Faye’s Story


Faye Parker


Swampscott, MA

How are you sensing climate change?

Growing up, there was nothing more exciting than waking up to a fresh layer of snow on the ground and rushing downstairs to turn on the news and find out if we got a snow day. In elementary school, we got 5 to 7 a year and a few delayed starts. There would be a good snowfall at the beginning of the winter and then snow would stay on the ground until spring arrived as it was never warm enough for the snow to fully melt and we never went too long without another snowfall. Snowfalls were never truly crazy, an intense blizzard occasionally, but usually, just several inches coming several times a winter. In middle school, we probably had 4 or 5 snow days. There was more freezing rain instead of snow mixed in, a few more cold but dry spells, and a few good storms. By high school, we probably had 2 or 3 snow days and a few delays. The snow came sporadically: big, record-breaking snowfalls, followed by periods of no snow or periods of rain and sleet instead of snow. As quickly as the snow came, it would leave, and instead of powdery white, the streets would be a murky, slushy gray. In college, I am yet to have a snow day 2 years in. I did move a little south down to Philadelphia, but even at home, the snow does not come as frequently or steadily as it did. There’s an increasing contrast between periods of snow and no snow, periods of warm and cold. It seems to either be hitting the 60s for a week in mid-January or we are receiving frostbite warnings on the news in February. Either a wave of precipitation bringing a foot of snow is coming along the coast, or there is no precipitation for weeks on end. I fully believe it will not be Zoom that pushes snow days to the brink of extinction but the sporadic and unpredictable nature of what is now a normal New England winter.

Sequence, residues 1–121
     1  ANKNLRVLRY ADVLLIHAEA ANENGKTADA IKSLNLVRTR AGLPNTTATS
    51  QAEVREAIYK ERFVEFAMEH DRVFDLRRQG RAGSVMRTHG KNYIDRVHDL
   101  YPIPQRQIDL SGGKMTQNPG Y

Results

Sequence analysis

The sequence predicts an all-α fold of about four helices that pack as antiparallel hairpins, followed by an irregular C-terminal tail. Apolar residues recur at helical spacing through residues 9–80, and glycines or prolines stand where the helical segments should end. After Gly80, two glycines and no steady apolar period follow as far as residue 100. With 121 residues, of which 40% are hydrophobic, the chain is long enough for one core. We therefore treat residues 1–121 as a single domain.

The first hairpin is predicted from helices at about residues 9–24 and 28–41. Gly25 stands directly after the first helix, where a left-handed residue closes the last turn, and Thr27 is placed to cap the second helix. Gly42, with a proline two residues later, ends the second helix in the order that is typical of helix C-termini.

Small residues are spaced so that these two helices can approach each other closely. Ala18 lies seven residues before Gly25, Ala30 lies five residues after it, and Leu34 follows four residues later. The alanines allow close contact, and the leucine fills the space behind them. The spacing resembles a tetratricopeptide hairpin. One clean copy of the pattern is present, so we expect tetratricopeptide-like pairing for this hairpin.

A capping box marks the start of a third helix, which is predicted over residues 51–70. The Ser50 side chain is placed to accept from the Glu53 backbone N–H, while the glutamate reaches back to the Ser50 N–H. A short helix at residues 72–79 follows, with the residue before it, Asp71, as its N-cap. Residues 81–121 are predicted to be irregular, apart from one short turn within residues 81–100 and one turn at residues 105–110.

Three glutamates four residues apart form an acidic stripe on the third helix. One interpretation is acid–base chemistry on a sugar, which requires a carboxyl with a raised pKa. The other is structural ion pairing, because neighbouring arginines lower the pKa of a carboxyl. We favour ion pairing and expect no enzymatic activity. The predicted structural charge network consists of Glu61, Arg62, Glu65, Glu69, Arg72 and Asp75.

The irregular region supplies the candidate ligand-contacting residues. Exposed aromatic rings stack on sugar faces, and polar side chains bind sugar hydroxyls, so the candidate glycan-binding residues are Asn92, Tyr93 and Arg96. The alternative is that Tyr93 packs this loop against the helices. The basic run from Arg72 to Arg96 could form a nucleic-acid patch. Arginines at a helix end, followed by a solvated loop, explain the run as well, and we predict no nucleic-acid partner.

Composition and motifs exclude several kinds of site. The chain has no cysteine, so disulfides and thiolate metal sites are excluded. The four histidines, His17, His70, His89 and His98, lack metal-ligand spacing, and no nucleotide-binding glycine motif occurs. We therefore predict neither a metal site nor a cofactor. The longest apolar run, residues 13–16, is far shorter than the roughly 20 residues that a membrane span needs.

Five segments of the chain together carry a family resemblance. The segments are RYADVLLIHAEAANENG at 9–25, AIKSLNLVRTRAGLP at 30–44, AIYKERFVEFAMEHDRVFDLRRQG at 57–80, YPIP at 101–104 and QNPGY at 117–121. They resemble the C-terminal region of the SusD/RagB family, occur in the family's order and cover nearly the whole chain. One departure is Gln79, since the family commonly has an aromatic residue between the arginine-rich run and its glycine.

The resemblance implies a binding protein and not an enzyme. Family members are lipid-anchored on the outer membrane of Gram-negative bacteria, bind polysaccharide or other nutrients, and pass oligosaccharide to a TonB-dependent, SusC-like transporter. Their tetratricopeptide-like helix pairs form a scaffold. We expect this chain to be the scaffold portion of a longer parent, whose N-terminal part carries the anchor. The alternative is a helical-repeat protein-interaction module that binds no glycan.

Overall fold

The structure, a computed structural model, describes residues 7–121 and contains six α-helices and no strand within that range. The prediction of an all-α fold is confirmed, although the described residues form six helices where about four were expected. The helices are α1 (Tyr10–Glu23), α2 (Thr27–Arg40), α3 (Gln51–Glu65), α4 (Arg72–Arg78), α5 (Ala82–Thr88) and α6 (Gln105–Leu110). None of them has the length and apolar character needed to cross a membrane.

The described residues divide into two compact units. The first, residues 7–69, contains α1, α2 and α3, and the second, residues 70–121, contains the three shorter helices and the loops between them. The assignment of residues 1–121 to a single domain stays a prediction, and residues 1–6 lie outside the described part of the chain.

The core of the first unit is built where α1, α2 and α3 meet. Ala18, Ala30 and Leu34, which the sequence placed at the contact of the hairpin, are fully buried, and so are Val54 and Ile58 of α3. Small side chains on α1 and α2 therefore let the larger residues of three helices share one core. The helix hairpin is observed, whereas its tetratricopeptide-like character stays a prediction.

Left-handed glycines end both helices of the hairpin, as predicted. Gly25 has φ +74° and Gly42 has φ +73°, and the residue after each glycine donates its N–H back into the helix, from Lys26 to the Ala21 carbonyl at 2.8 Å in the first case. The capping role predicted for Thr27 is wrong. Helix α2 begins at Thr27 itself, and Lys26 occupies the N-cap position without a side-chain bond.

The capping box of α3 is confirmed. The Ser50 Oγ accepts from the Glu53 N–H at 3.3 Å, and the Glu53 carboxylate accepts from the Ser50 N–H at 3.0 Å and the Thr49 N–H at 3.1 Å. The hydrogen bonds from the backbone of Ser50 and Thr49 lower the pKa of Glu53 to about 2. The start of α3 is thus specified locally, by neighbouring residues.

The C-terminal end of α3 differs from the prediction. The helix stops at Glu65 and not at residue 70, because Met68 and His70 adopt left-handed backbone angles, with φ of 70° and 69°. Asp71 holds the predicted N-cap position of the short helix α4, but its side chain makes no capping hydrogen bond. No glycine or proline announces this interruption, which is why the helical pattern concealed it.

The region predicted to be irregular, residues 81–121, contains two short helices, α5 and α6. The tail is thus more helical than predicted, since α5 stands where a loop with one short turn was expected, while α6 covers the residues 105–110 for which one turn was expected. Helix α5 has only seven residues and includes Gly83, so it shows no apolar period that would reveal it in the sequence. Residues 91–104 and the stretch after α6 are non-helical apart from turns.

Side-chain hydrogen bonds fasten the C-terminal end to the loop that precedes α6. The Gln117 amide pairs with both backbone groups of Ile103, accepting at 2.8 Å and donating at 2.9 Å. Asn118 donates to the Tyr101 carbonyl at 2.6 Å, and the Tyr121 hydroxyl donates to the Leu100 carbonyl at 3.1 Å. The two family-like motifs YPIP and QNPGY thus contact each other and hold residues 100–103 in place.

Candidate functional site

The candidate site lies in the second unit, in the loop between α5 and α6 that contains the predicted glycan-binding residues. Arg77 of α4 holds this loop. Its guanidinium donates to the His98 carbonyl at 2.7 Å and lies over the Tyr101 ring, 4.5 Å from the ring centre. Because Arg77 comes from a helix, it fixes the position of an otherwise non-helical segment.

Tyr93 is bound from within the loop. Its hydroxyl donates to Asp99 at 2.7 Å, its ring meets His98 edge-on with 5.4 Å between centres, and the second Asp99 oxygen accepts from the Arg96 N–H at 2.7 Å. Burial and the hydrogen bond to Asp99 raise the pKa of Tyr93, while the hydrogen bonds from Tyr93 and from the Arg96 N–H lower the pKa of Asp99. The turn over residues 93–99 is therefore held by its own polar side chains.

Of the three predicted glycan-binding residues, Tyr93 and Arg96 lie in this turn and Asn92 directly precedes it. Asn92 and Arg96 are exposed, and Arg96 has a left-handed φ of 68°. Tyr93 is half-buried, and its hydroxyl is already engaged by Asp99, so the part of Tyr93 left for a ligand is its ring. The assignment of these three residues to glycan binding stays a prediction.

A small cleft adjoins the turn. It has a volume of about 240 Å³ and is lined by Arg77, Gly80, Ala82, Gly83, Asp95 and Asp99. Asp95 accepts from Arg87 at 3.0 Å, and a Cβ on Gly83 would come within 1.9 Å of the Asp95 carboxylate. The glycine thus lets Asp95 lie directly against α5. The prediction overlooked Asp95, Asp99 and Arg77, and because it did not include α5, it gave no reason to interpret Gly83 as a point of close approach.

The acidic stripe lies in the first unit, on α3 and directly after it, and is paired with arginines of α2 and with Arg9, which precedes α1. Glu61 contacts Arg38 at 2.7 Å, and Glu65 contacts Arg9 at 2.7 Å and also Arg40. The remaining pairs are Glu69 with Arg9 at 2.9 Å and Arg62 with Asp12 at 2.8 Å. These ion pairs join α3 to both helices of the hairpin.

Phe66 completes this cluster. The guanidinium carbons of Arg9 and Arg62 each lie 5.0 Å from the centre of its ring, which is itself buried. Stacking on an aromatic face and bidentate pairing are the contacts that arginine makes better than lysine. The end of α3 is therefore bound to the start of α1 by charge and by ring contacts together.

How do these changes make you feel?

Honestly, it scares me a little, the more and more sporadic weather. The more sporadic the weather gets, the more I am reminded of a dystopian novel, and the less I believe the explanation “that’s just how New England weather is.” We are no longer predicting what climate change has the capability to do, but instead witnessing it head-on in all its horrifying unpredictability.





Swampscott, MA

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